Can you give a quick introduction to your background?
My background focused a lot on tech when I was younger – I was working as a network technician for a while so I had some experience in tech. Nothing related to coding or software, it was all hardware side.
So after doing that for a bit, I went into real estate. I did a couple of years in real estate and really enjoyed it. However, I was really just missing the technical troubleshooting, problem-solving aspect of it. Although I did well financially in real estate, my heart wasn’t in it like it was in tech.
Prior to that I actually did SEO, very basic web design before getting into real estate. After a couple of years in real estate, I actually ended up getting sick. I was dealing with some health issues so I had to take time off work. We just had our first baby and so it was extremely stressful. It was a tough time mentally.
I remember being super upset one day and I wasn’t able to think straight – I would forget in a conversation what I was talking about and this wasn’t normal for me before. I was pretty down and so one day I made the decision to just challenge myself. I always wanted to learn how to code and I had just kept putting it off thinking “it’s too late for me” or “I’m too old”, “I don’t have any formal training in this” – anything like that. I kept making excuses and putting it off.
At that point when I was really upset, I thought, “I’m just gonna go for it. I’m gonna try to learn some basic programming skills on my own”.
I think the first course I ever bought was a Udemy Python course and started going down that rabbit hole. I didn’t really know what data science was at that point in time, I just wanted to learn programming. Once I got started in that, I started looking into things and realized what data science was. Just going into the rabbit hole further and further with Python and then I started getting excited with some of the things you can do with data science.
So I started researching, finally started just playing around with Pandas, doing a walkthrough project that someone had already done and I was just following along. After that, I was just hooked!
My health was still up and down but I just kept pushing on and did a couple of other small courses. That was probably over a year-and-a-half to two years ago, just on my own working away at stuff. It wasn’t full-time but I kept myself busy.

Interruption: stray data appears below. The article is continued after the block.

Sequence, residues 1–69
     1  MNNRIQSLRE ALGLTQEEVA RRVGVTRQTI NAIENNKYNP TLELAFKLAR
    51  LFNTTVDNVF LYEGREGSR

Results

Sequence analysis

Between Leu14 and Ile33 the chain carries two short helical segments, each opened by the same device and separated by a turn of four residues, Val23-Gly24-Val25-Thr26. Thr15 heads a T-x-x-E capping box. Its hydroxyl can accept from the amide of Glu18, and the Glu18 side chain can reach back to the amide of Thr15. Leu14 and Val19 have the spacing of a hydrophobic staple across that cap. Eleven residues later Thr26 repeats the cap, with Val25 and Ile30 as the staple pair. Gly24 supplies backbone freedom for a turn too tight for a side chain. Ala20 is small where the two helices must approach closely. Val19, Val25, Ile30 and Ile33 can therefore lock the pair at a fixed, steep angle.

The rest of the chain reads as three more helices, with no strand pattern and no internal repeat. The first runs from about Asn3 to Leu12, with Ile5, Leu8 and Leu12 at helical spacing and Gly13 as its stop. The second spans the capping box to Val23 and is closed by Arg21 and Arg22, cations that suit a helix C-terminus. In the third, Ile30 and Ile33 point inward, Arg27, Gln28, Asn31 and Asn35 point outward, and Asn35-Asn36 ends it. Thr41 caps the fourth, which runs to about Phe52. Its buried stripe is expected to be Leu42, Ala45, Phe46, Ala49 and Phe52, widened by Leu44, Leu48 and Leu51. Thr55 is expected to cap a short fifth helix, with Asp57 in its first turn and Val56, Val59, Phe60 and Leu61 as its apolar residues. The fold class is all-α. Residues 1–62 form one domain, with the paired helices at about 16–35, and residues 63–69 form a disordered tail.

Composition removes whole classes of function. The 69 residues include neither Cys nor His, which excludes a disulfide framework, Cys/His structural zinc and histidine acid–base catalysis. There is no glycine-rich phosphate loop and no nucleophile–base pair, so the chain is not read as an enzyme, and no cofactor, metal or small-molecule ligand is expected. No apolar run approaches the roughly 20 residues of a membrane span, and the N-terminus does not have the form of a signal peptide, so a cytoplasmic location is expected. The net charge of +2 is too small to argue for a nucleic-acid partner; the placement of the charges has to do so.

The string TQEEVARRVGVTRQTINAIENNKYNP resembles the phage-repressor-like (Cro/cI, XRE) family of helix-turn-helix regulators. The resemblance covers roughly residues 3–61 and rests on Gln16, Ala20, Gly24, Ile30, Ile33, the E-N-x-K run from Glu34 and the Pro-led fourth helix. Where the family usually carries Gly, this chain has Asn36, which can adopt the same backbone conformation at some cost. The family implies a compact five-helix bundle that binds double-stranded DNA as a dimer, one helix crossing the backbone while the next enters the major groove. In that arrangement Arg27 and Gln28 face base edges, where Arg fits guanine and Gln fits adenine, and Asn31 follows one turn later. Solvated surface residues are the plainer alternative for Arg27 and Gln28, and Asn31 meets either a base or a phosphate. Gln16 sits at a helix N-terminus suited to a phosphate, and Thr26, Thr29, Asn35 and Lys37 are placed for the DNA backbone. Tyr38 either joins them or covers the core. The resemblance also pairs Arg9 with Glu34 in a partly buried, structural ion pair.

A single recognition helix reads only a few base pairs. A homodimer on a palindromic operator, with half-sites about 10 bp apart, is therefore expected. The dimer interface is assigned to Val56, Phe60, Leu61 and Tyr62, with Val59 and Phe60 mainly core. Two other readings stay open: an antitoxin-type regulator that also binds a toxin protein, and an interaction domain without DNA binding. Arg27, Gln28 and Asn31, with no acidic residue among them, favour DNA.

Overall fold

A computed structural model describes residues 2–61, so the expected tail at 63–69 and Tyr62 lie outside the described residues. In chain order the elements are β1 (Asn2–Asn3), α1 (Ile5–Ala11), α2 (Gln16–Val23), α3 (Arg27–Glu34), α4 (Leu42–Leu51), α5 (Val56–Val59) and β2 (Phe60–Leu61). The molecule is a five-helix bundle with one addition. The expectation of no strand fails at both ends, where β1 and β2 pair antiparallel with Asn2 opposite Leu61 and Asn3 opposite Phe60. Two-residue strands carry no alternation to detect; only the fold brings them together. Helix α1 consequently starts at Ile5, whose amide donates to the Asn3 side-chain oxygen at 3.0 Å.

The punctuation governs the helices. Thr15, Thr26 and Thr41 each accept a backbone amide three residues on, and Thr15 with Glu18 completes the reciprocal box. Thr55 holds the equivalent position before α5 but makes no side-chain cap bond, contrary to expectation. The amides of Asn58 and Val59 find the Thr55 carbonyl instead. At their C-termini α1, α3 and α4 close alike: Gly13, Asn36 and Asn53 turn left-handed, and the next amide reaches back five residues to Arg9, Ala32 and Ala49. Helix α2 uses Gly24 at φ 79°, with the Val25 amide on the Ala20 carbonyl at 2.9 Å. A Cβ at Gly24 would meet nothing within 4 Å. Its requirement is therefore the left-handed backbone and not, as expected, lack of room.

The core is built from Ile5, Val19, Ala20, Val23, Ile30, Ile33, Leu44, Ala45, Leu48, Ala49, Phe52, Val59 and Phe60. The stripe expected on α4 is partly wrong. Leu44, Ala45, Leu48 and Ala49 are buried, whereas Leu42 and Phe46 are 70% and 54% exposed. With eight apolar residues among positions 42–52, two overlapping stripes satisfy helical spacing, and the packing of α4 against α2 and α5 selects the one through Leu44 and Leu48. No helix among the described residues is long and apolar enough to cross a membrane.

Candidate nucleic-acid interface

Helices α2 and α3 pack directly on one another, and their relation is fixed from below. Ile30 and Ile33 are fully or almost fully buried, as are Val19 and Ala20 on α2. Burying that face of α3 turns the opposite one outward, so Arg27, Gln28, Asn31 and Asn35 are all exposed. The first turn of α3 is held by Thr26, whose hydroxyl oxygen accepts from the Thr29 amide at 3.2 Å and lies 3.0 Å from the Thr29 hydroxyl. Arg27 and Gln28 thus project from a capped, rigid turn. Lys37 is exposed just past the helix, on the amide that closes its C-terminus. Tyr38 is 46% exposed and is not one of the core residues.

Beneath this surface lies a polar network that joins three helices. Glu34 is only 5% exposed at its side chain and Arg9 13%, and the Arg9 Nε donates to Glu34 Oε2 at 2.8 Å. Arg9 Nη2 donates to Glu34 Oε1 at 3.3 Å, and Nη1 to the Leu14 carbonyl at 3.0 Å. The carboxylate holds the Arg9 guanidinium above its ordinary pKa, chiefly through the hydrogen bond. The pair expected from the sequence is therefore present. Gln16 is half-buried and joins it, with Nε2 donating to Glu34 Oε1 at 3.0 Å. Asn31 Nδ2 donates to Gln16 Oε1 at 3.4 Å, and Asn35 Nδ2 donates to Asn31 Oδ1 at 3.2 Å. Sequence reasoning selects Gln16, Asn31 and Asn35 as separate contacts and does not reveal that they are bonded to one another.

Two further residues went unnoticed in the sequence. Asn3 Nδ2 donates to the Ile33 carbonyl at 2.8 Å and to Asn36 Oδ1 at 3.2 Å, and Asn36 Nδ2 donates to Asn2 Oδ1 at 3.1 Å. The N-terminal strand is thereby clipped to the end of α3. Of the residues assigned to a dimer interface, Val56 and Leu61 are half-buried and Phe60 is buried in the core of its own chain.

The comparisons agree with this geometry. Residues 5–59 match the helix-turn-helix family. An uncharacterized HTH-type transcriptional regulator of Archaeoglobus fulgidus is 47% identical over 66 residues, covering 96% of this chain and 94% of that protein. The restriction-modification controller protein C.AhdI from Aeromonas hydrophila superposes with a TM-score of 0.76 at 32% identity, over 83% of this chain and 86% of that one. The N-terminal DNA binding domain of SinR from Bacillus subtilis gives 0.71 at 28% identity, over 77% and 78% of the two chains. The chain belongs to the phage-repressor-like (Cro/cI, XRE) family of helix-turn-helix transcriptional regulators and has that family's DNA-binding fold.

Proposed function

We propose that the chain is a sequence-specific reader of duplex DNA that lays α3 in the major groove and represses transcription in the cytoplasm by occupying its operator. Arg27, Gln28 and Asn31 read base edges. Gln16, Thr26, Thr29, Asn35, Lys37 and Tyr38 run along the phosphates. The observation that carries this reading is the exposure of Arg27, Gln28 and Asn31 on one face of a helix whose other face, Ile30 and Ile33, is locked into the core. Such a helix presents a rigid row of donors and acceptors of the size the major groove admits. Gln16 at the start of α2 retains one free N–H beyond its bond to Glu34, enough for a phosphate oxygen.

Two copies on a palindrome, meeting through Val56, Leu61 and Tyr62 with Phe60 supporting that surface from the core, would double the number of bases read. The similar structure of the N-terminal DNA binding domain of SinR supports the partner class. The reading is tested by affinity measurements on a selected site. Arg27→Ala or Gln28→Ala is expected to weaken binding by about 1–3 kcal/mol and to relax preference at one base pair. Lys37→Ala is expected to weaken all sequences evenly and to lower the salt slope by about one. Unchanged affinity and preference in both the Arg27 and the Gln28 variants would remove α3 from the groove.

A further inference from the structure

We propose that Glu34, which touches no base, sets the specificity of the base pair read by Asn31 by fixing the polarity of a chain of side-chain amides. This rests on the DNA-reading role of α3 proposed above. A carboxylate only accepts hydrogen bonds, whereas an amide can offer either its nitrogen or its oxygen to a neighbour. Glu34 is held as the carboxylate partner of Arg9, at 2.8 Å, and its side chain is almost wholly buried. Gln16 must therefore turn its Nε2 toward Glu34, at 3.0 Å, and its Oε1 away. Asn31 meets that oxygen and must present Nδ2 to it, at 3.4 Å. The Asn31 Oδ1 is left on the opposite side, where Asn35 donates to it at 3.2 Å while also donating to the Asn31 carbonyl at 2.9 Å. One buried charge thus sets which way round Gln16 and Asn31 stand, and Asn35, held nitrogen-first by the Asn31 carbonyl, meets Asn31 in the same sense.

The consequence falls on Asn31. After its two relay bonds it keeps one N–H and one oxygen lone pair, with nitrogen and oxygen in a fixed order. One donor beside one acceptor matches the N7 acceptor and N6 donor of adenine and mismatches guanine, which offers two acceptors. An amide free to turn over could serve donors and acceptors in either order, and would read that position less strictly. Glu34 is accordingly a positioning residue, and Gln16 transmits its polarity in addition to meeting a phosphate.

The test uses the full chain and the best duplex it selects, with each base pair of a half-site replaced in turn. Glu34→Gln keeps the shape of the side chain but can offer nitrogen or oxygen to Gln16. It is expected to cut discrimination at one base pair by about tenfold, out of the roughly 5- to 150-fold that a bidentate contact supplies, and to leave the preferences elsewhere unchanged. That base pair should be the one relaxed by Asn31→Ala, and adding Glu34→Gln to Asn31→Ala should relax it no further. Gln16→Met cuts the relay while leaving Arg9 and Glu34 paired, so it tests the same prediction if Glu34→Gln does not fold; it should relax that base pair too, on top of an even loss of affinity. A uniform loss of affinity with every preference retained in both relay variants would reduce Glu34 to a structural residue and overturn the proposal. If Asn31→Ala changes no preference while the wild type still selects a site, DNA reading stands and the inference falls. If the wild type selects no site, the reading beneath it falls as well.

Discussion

It was then I thought that I needed to take a serious step. After doing some Coursera courses and just stuff on my own, a couple of small projects. I had originally looked into doing another school, in which I ended up doing their certificate program at that time (it was Brainstation). It was good for me at the time because I was super new, but it was still lacking. I had built up some confidence from doing that certificate program, but after, I found out that some of the stuff I had confidence in – I shouldn’t have. For example, it probably wasn’t the best way of handling that specific project that I was doing but they didn’t really tell me that I should improve this. Just that I was doing a good job and so I thought that too.
After looking into it myself, I realized that it wasn’t exactly what I wanted it to be. And so I started looking into another program again. I considered the Brainstation diploma program, I considered Lighthouse’s new data science program (at that time) which was a diploma program as well, and I looked at WeCloudData. Through my research, it was apparent that there’s a big difference in the quality of these courses. I found that Lighthouse was very new so I didn’t know what to expect. Brainstation kind of rushed on some topics and it was more of an entry-level, general type of course. Although it was a diploma program, I just didn’t feel like it had the depth that WeCloudData was offering. Not only that, but WeCloudData had the actual, real-world projects, which was a complete game-changer. It wasn’t even comparing apples to apples – it’s a completely different experience. The depth in the curriculum, the support, all of that was very superior. Very, very happy with my decision to go with WeCloudData.
I know at the time I was struggling, and before making that decision I could have had government funding to do Brainstation or Lighthouse Labs, but that wasn’t the case at WeCloudData at the time but I still went with WeCloudData.
With Brainstation you can get OSAP?
Yeah, I could’ve got student loans for either of those programs.
Could you shed some light on your learning experience at WeCloudData?
The learning experience was fantastic – from the TAs to the instructors, everyone was super helpful. It felt like we were all in it together (with the people from my cohort) and it was a very inclusive environment. The support was amazing! I went into it with some things I already knew but I still felt like I needed to learn a lot. I think the overall structure of the program was fantastic. The experience I honestly have nothing bad to say about it. It was perfect – it was a good pace, I never felt like we were going too fast. Maybe there was a lesson where I felt like I didn’t quite understand it but the support was always there, always available. It was easy to push past any hurdles that came up.